• While I appreciate and respect your opinion, Ann, this is one point we’ll agree to disagree on. The contrast between kind Dr. Meinenger and monstrous Dr. Mengele is intentional, and, in my opinion, necessary.
      As for the link…that was a last minute decision. I hate it but it adds a graphic illustration of the truth which is more horrific than fiction.
      Thanks for taking the time to read, watch and comment.😉


      • What I meant was that the story wouldn’t have lost any meaning for me without that line. I understand, now you’ve explained it, the contrast you meant to convey.

        I have a copy of the account of Rudolph Hösse’s time as commandant of Auschwitz. What is most chilling is how plausible is his ‘logic’.


    • Dear Maggie,
      Thank you for your compliments. Unfortunately there are those who’d like us to believe the Holocaust never happened. Fortunately (?), the Nazis were organized enough to document their heinous crimes. As survivors are dying off, it’s my hope that the next generation will pick up the banner of remembrance.


  • Great story, Rochelle. I’m still shuddering from reading your link, but thank you for the reminder and education. I don’t think any of us can imagine how people like your character felt, but you depict the contrast well here.


  • Not everyone is willing to learn from history (sadly). That incidences like your story continue is inhuman

    thanks for picture prompt I was able to take a gentler view of history


  • As many others, I couldn’t finish reading the link. Terrible what some so called humans can do to others. Your story is great. I’m glad though that I read it after I wrote mine. I’m also glad I took a more positive twist on the picture. Your story needs to be told and you did a marvelous job telling it with so few words.


    • Dear Jackie,
      Thanks for your kind comments. It’s nice that not everyone wrote the dark side this week. My own story depressed me enough although every so often I have to go there, ( I couldn’t finish the link either).


  • So, I am back and I wil try to learn to do this the new way. I loved your story. I read your story before writing my own, and felt like quitting before I started, for yours is a real story – and mine is a reflection of my depressed state. Remarkably, yours is just simply great, very gruesome, but extremely well told. You know I agree. Let us never forget.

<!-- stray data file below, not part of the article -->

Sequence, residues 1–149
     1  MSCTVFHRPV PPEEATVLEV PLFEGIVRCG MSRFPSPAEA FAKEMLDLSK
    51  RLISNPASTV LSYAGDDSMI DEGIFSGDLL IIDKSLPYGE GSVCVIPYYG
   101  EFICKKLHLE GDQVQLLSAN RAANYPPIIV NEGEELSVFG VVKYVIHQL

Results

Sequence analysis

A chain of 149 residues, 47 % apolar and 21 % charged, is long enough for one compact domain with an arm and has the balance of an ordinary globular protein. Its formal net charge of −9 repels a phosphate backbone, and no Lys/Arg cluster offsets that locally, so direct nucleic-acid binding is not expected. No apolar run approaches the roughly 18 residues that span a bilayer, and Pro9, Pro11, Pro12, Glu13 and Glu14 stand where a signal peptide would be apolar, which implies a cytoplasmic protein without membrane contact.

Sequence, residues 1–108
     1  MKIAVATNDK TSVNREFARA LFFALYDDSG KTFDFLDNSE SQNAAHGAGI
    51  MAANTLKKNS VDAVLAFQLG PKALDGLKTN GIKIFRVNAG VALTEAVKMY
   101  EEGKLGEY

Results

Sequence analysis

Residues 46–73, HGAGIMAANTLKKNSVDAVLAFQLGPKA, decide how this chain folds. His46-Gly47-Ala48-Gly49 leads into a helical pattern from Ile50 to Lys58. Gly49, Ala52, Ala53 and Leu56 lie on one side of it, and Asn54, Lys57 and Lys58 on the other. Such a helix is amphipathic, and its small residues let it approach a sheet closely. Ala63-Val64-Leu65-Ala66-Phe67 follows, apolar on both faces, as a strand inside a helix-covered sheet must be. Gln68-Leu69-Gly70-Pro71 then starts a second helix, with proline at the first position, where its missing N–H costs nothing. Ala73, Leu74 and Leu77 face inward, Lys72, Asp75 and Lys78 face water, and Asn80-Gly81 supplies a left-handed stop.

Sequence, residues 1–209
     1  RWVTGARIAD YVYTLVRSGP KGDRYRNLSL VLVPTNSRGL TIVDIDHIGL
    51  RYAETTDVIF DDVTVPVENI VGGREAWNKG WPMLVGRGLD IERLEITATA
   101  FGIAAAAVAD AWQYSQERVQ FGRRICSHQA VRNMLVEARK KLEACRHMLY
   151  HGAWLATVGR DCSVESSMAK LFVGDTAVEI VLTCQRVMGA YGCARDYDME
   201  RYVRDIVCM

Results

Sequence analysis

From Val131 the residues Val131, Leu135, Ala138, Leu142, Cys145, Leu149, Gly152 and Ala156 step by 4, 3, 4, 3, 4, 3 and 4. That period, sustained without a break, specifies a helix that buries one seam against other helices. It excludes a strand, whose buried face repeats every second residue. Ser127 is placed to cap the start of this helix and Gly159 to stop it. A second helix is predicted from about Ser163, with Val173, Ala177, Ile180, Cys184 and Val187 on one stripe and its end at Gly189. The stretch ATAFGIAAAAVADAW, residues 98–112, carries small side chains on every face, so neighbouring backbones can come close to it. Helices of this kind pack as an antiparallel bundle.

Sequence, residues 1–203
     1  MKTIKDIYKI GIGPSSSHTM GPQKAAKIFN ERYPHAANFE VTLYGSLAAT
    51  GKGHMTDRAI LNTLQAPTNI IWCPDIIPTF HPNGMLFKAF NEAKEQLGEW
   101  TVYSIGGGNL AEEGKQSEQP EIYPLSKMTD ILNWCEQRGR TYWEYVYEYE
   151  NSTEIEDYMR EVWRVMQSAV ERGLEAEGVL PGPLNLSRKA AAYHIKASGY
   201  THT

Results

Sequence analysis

• Dear Linda,
      Welcome back! Much has changed, but what has remained the same is a great group of friends and writers. When I joined in April I never dreamed I’d end up driving this sometimes unwieldly bus.
      I read your story and you’ve nothing to apologize for. Nonetheless I relish you compliments.
      Thanks and Shalom,


    • Dear H. L.
      As I’ve mentioned before, the holocaust has been etched into the warp and woof of my Jewish generation. I’m not sure this is a bad thing. I’m afraid the next generations are more apt to distance from it until it becomes nonexistent.


  • I think it is safe to say that the doctor was insane. I read the link too, and was horrified. I think that one of the reasons people are so ill informed is that it is hard so hard to believe. We don’t want to believe it. I hope I don’t have nightmares tonight! You did a great job with your story, telling enough to intrigue. Great job, as usual.


  • as horrifying is your story and video i believe the magnitude of pain suffered by all during this time can not truly be imagined. to see something first hand vs ‘from a distance’ must make a difference. keeping this memory is horrible but necessary, as you said somewhere above, so it does not happen again in the future. peace + love, Rochelle. ♥


  • Dear Rochelle
    A truly unimaginable life to those of us who only know about the Holocaust through reading or watching films. To have been a Jew and lived at that time must have been horrific, but to have ended up in the hands of the ‘Angel of Death’ … I can’t begin to imagine the terror and suffering.
    You did a brilliant job with this story’s
    Thank you